Monica McClure: I think what’s true about our lives is often employed in the joke as fantasy. “A Mexican and a Black guy are riding in a car together. Who’s driving? [Beat] The cops.” The joke’s work here is surprise. I remember when I was told this joke for the first time. I was young and I felt a little goaded into laughing. It was as if I wasn’t supposed to be able to guess “cops” because I was white. I think I was laughed at for not laughing, and didn’t mind. It had just made me sad because the experience wasn’t painfully mine to reframe. It couldn’t be more clear when I’m being excluded from the joke for being white, or the opposite.

Jenny Zhang: That makes me think of the time when Sarah Silverman infamously defended her right to use the slur “chink” in her jokes, and the president of the Media Action Network for Asians, Guy Aoki, took her to task for it on “Politically Incorrect” with Bill Maher. She actually demanded an apology from him for accusing her of being racist and not doing satire correctly. And that’s how I remember her—defensive about her right to be racist, which doesn’t even really stir me at this point. But what really bothered me was that she was defensive about her jokes working, insisting that she deserved an apology because some pissed-off Asians said her joke wasn’t funny.

But I also remember her on the brilliant but short-lived Kamau Bell show. Have you seen it? She talks about her Comedy Central Roast and how much it hurt her when a couple of comedians started making fun of how she looked like an old woman. This particular interview is interesting because she’s essentially saying the opposite of her party line, which has always been: “If you are offended, you don’t get it.” For her, some things are sacred and off limits, and of course, those things describe her identity: a thirty-something white woman. So the most hurtful thing to her is making fun of a woman who is no longer considered young. And in a way, she makes a great point when she says that roasting her for being old is like saying, “Your joke is that I’m still alive.”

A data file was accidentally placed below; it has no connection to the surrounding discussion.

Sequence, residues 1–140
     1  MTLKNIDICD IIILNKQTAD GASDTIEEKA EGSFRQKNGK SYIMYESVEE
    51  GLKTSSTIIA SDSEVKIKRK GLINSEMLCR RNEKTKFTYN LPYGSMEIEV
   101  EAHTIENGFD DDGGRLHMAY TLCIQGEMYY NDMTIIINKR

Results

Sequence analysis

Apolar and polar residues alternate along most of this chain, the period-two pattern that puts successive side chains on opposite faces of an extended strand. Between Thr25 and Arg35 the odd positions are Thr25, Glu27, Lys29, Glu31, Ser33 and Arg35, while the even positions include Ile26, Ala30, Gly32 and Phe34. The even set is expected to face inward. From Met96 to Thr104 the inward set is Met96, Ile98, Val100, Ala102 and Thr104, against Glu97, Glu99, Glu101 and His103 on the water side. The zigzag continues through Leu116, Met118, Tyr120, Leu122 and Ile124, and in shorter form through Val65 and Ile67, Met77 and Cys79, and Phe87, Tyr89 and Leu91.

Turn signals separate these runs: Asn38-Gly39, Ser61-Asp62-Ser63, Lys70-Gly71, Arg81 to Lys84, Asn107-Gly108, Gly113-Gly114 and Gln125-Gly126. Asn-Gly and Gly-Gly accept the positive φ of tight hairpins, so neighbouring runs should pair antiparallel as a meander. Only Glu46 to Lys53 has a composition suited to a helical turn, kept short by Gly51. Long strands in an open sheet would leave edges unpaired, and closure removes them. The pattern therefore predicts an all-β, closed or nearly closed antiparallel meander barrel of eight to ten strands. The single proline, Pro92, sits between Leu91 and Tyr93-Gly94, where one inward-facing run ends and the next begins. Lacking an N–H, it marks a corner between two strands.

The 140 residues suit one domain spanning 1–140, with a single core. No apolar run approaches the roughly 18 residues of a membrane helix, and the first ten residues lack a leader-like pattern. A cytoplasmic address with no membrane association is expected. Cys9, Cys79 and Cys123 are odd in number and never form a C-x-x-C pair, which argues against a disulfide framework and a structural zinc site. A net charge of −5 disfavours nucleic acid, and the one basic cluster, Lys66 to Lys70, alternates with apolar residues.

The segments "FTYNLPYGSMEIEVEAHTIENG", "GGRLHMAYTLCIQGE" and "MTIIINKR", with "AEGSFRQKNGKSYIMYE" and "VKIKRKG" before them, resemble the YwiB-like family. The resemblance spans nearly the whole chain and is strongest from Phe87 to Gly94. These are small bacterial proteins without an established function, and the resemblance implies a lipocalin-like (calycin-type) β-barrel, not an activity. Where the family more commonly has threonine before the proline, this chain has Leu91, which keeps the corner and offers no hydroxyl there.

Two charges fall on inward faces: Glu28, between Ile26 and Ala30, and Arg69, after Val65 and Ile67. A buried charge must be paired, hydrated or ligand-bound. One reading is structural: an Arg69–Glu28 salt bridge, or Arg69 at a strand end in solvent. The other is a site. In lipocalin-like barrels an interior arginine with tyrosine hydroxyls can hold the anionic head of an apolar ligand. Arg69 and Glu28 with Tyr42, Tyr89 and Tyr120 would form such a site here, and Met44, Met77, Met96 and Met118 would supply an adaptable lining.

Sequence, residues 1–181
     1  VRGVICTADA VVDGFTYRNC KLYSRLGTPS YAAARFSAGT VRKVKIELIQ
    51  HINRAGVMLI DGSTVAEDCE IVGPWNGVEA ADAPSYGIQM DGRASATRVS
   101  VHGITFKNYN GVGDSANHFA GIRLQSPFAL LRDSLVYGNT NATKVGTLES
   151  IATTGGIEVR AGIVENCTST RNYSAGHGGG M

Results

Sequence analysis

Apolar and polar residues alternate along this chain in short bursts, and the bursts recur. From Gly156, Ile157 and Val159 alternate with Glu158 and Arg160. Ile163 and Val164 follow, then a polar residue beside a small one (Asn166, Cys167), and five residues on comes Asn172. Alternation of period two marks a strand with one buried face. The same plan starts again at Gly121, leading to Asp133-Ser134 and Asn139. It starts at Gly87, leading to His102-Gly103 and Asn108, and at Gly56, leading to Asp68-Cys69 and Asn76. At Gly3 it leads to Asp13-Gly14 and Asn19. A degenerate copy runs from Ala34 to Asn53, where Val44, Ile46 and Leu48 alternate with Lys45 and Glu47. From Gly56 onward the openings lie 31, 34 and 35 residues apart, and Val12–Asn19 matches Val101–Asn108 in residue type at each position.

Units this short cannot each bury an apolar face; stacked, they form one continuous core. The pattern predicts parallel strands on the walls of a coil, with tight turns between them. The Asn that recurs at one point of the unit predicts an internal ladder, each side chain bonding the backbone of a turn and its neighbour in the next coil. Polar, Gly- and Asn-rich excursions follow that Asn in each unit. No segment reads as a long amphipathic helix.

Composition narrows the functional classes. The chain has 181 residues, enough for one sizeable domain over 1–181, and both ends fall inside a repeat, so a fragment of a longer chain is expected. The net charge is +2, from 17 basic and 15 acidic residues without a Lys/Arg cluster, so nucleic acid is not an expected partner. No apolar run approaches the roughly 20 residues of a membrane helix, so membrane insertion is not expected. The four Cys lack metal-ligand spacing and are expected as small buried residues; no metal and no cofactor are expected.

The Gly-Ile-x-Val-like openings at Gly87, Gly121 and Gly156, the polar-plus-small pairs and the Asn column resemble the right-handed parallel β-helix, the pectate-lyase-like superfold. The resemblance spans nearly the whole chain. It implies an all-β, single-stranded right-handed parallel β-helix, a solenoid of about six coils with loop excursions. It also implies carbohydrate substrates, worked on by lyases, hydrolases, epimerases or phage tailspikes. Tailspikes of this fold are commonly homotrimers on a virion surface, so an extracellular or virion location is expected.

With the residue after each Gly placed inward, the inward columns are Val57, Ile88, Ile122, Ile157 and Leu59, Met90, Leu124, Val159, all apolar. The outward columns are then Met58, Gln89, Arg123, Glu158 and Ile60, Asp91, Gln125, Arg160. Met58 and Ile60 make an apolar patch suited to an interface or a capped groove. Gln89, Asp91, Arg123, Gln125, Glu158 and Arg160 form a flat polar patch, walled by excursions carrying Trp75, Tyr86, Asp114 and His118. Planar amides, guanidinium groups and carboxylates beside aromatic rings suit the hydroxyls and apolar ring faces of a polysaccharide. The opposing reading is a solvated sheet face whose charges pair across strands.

But she can’t make the connection go any further than herself. Because I would argue that any joke where the punchline is RACISM=HILARITY—for example, Mexicans smell bad; Chinese people look like they’re napping but it’s just that their eyes are so small; black people are criminals—hurts me on exactly the same ground that Sarah Silverman was hurt by the jokes about her age.